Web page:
Marines: Gren Class Arrives And Is Forgotten


July 26, 2018: Fourteen years after construction began the first of a new Russian class of amphibious ships that Gren class ships finally entered service. There many delays but the final one had to do with “design flaws” discovered when Gren began its sea trials in mid-2016. The main flaws where hull stability and engine reliability. It took 18 months to deal with that and sea trials resumed in late 2017. Finally, the Russian Navy declared the Gren fit for service in May 2018. However, only two of this class will be built. The second one began construction in 2014 and has had the flaws of the first one fixed before it was launched in May 2018. The second ship should be in service by 2019.

Gren was launched in 2012 and was supposed to be fitted out and delivered in 2014, a decade after construction began. But there were more delays. Called the Ivan Gren class, after its lead ship, these 120 meter (384 foot) long vessels each displace 6,500 tons, have a crew of 110, and can carry 13 tanks or 36 infantry fighting vehicles and 300 infantry. Top speed is 33 kilometers per hour and max range is 6,500 kilometers (cruising at 30 kilometers an hour) with max endurance of 30 days. Armament consists of three AK630 30mm automatic cannon for missile defense as well as against aircraft and small naval targets. Range of these weapons is 5,000 meters. One of the AK630s is the dual version (two six barrel 30mm autocannon in one turret) while the other two are single six barrel versions (similar to the American Phalanx). There are also two 14.5mm machine-guns and a helicopter pad and hanger for two KA-27/29 helicopters.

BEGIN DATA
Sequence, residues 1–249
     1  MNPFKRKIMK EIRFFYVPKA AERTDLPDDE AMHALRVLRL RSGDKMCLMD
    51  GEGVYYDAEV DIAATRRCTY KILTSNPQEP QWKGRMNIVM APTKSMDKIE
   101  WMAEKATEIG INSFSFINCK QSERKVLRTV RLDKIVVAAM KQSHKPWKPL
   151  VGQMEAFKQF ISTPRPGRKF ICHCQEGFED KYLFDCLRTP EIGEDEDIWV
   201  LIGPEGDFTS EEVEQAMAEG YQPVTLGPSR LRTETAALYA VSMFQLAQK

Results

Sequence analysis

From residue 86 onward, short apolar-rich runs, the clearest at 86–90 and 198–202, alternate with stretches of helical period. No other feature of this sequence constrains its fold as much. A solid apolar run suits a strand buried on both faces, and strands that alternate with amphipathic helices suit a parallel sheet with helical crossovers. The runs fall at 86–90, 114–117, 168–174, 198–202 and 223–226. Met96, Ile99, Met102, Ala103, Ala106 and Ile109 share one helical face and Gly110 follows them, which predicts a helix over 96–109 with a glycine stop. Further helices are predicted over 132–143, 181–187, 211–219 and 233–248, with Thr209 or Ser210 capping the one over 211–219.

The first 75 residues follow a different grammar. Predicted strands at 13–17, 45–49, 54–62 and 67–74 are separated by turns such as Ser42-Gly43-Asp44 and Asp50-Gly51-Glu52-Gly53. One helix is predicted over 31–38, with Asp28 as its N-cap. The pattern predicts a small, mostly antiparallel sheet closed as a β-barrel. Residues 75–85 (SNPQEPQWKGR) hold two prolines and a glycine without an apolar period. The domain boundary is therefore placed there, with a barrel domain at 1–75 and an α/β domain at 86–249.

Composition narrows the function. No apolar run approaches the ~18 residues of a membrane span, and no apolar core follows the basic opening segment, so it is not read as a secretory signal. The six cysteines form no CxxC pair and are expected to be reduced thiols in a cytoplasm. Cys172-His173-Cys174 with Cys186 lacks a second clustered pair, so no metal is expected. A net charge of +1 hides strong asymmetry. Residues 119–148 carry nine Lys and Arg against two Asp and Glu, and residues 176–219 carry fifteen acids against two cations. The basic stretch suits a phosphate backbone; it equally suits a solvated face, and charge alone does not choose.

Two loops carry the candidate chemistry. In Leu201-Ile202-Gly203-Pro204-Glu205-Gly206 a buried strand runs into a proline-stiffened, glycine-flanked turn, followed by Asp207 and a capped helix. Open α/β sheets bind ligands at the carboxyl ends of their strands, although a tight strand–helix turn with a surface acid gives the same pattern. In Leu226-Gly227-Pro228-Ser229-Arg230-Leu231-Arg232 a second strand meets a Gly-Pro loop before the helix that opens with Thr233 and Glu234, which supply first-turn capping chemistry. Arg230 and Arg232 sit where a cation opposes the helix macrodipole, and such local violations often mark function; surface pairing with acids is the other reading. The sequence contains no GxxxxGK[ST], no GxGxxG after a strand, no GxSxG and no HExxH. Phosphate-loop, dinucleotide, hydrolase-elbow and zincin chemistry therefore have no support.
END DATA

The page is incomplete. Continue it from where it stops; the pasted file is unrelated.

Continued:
Four more Grens were to be built, if the first one performed well. It didn’t. The first one cost about $200 million (including all the extra expense of fixing the flaws). The Grens appear to be updates of the Ropucha class LSTs, 28 of which were built in the 1960s and 70s. A few of these 4,100 ton ships are still in service but just barely.

The Russian government has been unhappy with the performance of Russian shipyards and sought to buy amphibious ships from France, in part to get some French shipbuilding technology and an opportunity to show Russian shipbuilders how it should be done. These Mistral class ships were completed by 2014 but never delivered because of the Russian invasion of Ukraine and the subsequent (and still existing) sanctions.




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